Monthly Archives: April 2008

Blue-Stocking Recommends

By The Bluestocking Team Below are some recently released books and articles and some upcoming events, lectures, talks and exhibitions that may be of interest to Blue-Stocking readers. We’d love any suggestions for additional items you think are relevant. Simply … Continue reading

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From the Editors of Issue 3

By Bluestocking Editors Rebecca Gregory, General Editor There is a real buzz about the term ‘Bluestocking’ at the moment. Not only have we as a journal grown in dynamism and scope, with new articles, events, design and patronage; but the … Continue reading

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Bluestocking Presents: Elisabeth Gray

By Yasmin Haji-Hassan Sitting in Starbucks armed with coffee and a pen, I await the arrival of Elisabeth Gray, a woman of immense talent. An actress, a playwright, a graduate from Oxford University and all this at the age 24. … Continue reading

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From Private to Public: The Musical Lives of Fanny Hensel and Clara Schumann

By Marissa Pueschel Two of the most outstanding female composers of the nineteenth century were Felix Mendelssohn’s sister Fanny Hensel and Robert Schumann’s wife Clara. While their talents were respected by their male relatives, the two women responded to the … Continue reading

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Mary Fairfax Somerville: Queen of Nineteenth Century Science

By Lamorna Newcombe Fifteen year old Mary Fairfax was one day shown an intriguing problem in a ladies’ fashion magazine at an Edinburgh tea-party. However, she was more fascinated by the code that the answer was presented in than the … Continue reading

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A ‘Heroine of History’: Margaret Sanger, revolutionary birth control activist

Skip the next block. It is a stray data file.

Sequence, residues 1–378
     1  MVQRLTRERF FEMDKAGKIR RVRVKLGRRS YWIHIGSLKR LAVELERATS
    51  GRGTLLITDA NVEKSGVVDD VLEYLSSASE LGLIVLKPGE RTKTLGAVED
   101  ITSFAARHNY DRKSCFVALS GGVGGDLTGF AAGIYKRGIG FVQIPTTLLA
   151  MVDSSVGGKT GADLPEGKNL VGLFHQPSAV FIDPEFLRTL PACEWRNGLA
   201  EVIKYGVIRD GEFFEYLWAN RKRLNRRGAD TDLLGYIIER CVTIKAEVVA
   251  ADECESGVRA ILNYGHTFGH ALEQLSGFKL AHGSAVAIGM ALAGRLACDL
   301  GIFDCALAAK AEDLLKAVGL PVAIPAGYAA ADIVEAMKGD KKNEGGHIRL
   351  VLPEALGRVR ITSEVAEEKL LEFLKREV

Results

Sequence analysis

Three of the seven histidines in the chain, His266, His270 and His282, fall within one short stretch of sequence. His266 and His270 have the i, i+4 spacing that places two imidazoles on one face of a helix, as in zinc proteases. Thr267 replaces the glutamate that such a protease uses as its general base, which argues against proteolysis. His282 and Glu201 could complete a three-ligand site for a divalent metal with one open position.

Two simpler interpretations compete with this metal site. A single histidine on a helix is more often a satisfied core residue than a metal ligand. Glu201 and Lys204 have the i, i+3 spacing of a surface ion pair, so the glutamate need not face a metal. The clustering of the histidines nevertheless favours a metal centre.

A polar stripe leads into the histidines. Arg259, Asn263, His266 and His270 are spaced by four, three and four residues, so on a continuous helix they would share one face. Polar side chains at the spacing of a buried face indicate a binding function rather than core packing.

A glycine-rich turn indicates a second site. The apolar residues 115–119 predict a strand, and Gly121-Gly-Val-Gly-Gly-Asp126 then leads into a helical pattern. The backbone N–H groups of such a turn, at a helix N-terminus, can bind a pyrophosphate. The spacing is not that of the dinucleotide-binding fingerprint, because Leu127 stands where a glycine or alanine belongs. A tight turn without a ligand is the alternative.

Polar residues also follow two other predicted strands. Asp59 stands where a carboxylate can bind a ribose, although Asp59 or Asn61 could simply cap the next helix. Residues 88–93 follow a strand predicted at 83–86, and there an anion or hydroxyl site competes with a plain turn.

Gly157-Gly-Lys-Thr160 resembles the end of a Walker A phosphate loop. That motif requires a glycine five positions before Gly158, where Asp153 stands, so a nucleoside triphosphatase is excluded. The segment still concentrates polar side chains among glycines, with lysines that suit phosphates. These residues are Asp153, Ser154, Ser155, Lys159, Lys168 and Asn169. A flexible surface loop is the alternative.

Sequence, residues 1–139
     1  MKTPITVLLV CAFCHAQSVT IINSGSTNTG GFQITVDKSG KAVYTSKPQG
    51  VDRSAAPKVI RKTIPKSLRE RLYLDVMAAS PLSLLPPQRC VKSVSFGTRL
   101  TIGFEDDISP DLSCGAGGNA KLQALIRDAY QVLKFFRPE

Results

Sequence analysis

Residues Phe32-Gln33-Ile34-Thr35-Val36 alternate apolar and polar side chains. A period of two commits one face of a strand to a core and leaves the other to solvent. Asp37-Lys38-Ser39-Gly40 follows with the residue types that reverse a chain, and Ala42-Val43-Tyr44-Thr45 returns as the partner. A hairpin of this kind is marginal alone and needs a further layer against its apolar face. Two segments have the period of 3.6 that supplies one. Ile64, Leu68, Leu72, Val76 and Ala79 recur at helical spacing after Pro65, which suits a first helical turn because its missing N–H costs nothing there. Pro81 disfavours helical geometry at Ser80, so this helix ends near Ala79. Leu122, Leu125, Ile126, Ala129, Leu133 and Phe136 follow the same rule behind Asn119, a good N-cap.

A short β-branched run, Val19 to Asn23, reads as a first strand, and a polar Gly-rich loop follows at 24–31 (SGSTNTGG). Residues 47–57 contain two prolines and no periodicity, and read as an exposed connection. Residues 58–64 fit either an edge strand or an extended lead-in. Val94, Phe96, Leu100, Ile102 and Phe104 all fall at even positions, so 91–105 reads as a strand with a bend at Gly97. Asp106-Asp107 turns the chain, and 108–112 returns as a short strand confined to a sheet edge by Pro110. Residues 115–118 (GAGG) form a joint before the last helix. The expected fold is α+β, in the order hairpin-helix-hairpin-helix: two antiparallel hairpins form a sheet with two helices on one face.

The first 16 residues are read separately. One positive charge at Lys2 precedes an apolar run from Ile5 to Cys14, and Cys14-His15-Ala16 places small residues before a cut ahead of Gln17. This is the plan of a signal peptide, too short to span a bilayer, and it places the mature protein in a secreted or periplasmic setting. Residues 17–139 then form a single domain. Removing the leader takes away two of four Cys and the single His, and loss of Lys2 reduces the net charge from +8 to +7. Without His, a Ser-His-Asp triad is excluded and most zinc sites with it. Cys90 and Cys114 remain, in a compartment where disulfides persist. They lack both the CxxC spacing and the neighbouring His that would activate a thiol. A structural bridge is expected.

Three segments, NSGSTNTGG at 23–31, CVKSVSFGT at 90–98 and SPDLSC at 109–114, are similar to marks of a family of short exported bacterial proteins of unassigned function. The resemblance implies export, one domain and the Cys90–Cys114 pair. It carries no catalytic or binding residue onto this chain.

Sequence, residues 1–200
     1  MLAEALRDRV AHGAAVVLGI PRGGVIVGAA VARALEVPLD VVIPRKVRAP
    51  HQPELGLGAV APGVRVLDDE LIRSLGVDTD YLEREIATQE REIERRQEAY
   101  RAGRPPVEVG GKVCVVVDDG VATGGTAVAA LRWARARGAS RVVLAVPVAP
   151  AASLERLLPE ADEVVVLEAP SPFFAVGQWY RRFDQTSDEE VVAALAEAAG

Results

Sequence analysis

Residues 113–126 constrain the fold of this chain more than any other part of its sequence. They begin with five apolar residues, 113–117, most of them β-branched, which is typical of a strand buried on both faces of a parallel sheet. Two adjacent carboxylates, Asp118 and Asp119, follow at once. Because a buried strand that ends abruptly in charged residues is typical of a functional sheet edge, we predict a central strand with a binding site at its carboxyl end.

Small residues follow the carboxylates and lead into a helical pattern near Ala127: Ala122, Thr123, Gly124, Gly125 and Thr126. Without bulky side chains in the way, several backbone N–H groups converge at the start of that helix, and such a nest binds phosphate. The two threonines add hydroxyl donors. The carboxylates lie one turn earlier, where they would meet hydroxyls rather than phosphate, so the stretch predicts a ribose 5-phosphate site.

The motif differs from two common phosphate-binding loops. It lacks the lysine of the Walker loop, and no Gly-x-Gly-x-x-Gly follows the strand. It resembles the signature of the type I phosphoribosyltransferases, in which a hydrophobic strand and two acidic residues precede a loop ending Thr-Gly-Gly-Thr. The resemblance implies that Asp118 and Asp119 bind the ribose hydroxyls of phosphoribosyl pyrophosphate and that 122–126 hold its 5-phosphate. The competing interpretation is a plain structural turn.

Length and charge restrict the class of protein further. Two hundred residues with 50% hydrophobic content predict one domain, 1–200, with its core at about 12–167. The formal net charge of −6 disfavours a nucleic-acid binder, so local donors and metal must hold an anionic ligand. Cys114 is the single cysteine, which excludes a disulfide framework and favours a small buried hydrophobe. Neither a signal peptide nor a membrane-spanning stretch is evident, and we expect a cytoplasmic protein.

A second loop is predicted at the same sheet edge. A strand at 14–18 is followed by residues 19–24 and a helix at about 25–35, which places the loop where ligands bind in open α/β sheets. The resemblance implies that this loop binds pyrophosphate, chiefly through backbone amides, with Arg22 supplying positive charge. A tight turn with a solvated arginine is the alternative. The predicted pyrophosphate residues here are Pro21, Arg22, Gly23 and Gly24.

By Jos Gibbons Margaret Higgins Sanger (1879 – 1966) was a major contributor to women’s reproductive rights in the twentieth-century America. Her devout Catholic mother died of tuberculosis and cervical cancer after eighteen pregnancies, resulting in eleven live births, of … Continue reading

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Lise Meitner : The Nucleus of Fission

By Nicola Davies ‘In terms of 19th century stereotypes or rhetorical idealizations, a woman scientist was a contradiction in terms… Women scientists were thus caught between two almost mutually exclusive stereotypes: as scientists, they were atypical women; as women they … Continue reading

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Virginia Woolf and the search for A Room of One’s Own

By Joanna Kieschnick Virginia Woolf is celebrated for her innovative modernist novels, particularly Mrs. Dalloway, To the Lighthouse, and The Waves. However, her essays are often overlooked. As a woman writer, Woolf was passionate about proving that women were just … Continue reading

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Wholly Guilty and Wholly Innocent: Heloise, Sin and Intention

By Diana Jeske   During her lifetime and beyond, Heloise captured hearts. Her intellectual brilliance in life attracted the love of the most famous philosopher of the day, Peter Abelard, and the passion revealed in her later letters to him … Continue reading

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Grace Hopper: Pioneer of programming and ‘Man of the Year’

By Maike Kaufman In 1969 the US Data Processing Management Association awarded its first annual ‘Man of the Year’ Award for outstanding contributions to the information processing industry. That year’s chosen recipient, although a pioneer in the area of computing, … Continue reading

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